This year will mark the 18th anniversary of the deadliest terrorist attack on our nation’s soil. As we remember those who died on September 11, 2001, we also must recognize those we continue to lose as the lasting effects of that day make themselves known.  We have lost more federal, state and local law enforcement officers from 9/11-related illnesses over the past 18 years than we lost on September 11, 2001.  9/11 responders and survivors are still battling serious health crises resulting from exposure to the toxins at Ground Zero.

NAPO fought hard for the passage of the James Zadroga 9/11 Health and Compensation Act in 2010 and its reauthorization in 2015 to ensure our nation took care of the victims and first responders who are coping with 9/11-related chronic health conditions. James Zadroga, a New York City Police Department Detective and member of NAPO, died of respiratory disease caused by his exposure to toxic chemicals during rescue and recovery efforts at Ground Zero. 

In 2015, Congress, recognizing the importance of these programs, reauthorized the World Trade Center Health Program until 2090 and reauthorized and fully-funded the 9/11 Victims Compensation Fund (VCF) at $7.3 billion for 5 years. Unfortunately, this has proven to not be enough.  In September 2018, the Special Master of the VCF, Rupa Bhattacharyya, announced that given the significant increase in claims just from the last year alone, the Fund may not be able to fully compensate all claims.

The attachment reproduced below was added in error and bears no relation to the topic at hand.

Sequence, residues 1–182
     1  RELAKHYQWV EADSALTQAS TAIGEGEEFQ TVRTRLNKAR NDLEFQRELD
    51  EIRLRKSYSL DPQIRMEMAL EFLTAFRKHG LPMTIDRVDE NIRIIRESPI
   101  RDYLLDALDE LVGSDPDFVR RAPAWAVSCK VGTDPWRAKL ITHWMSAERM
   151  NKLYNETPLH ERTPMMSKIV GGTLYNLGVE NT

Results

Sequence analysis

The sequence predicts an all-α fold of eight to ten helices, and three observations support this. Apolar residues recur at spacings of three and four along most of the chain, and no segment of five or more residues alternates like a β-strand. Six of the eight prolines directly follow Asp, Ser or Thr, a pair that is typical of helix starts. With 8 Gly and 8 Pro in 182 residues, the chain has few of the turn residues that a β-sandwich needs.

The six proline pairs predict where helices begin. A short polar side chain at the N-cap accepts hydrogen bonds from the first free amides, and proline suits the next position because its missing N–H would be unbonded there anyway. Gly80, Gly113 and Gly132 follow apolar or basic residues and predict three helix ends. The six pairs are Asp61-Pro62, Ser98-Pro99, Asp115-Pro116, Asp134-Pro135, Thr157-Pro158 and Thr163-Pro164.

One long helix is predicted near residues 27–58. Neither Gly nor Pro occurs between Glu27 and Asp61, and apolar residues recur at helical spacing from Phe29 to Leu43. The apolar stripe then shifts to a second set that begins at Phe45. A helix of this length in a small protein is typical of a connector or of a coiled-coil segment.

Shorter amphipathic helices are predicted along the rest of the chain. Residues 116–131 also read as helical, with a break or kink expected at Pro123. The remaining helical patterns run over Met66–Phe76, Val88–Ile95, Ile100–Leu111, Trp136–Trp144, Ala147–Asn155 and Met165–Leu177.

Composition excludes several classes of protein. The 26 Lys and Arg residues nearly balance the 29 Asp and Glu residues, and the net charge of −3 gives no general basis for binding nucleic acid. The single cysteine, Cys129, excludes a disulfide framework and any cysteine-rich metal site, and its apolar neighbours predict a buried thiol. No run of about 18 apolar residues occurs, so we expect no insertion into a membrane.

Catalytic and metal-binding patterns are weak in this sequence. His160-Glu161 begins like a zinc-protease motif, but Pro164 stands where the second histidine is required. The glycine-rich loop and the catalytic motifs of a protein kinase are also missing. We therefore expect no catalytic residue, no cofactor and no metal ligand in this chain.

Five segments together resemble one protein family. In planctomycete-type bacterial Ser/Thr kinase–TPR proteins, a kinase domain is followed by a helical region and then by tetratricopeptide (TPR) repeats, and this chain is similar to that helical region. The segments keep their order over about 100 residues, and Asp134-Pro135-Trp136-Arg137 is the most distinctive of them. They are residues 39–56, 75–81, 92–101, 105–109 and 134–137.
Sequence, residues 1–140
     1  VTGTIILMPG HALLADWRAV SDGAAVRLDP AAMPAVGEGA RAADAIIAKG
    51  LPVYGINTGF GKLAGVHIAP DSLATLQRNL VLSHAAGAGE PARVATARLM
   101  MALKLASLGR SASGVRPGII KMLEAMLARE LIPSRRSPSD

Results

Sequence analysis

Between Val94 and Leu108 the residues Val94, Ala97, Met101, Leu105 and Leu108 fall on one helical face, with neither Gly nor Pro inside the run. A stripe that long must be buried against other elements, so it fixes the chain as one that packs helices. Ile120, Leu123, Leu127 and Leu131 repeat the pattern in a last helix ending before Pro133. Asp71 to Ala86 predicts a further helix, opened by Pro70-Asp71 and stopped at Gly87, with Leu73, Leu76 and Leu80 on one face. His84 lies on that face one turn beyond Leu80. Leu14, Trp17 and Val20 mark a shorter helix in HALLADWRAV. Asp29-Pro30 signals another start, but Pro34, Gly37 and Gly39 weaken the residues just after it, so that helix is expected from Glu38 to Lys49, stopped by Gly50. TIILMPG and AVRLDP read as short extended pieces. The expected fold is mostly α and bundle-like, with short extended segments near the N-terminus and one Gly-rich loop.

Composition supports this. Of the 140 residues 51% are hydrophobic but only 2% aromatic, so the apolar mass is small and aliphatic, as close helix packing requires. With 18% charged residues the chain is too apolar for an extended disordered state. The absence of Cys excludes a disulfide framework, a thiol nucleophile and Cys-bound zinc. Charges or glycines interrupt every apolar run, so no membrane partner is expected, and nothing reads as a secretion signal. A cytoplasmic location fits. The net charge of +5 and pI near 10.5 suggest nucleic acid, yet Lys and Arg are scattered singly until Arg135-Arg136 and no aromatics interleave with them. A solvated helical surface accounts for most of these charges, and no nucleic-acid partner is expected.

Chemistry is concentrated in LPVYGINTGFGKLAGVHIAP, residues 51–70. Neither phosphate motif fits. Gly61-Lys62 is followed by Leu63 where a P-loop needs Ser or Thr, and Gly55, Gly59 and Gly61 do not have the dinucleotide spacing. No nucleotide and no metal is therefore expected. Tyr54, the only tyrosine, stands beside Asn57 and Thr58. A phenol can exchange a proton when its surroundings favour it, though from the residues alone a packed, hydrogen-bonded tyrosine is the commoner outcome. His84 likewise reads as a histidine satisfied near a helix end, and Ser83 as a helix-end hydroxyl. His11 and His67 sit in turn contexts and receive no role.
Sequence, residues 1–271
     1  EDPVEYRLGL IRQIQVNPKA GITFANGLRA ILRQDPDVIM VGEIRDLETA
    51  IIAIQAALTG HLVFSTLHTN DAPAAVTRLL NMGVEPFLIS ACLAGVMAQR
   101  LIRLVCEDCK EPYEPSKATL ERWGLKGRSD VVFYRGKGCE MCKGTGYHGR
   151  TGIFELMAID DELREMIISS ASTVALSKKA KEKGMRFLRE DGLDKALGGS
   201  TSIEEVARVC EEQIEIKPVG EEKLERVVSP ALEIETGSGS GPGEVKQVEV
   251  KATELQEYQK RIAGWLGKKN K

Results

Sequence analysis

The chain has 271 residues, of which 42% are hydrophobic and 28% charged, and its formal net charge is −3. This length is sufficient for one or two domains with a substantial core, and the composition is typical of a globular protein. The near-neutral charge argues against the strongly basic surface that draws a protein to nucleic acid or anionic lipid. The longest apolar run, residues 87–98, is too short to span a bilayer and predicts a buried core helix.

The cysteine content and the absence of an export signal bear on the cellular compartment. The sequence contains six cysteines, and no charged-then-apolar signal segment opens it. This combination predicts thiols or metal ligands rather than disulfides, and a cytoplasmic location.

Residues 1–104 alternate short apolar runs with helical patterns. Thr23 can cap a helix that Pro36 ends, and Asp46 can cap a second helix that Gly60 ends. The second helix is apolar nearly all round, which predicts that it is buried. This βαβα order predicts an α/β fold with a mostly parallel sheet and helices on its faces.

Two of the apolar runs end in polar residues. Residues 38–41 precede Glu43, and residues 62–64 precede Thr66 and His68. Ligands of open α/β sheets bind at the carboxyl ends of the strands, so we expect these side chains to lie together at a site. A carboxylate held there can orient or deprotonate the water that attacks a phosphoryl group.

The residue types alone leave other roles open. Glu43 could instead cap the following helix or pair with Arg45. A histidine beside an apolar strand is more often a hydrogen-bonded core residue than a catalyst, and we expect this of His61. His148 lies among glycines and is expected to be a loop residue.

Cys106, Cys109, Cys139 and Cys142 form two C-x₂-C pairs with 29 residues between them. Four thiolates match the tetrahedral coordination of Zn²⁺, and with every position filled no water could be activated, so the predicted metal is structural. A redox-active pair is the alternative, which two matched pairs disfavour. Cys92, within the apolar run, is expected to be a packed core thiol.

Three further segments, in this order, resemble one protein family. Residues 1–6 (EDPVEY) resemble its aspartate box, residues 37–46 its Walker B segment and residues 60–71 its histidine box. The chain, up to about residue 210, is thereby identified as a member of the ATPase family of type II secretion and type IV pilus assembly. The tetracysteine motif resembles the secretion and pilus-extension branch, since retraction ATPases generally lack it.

On February 15, the Special Master declared that there is only $2.375 billion left of the $7.375 billion Congress appropriated in 2015 to compensate all pending and anticipated claims through December 18, 2020.  With the dramatic increase in claims over the past several months, there is insufficient funding remaining in the VCF to fully pay all current and projected claims, and as a result, has decided to reduce payout amounts to ensure that all claims receive at least some level of award.  As of February 25, 2019, pending and newly submitted claims will see their award amount reduced by 50 to 70 percent.

While this announcement by the Special Master is alarming, the Never Forget the Heroes: Permanent Authorization of the September 11th Victims Compensation Fund Act was drafted to address this possibility. There is language in the bill to require the Special Master to pay out the difference between the amount that the claimant would have received if sufficient funding was available at the time the award was calculated and the amount they ultimately received as a result of the reductions. That being said, the VCF award is often a lifeline for survivors and families struggling with loss and we cannot let this bill linger longer just because the families will be made whole eventually.  It is imperative that the VCF is permanently reauthorized as soon as possible.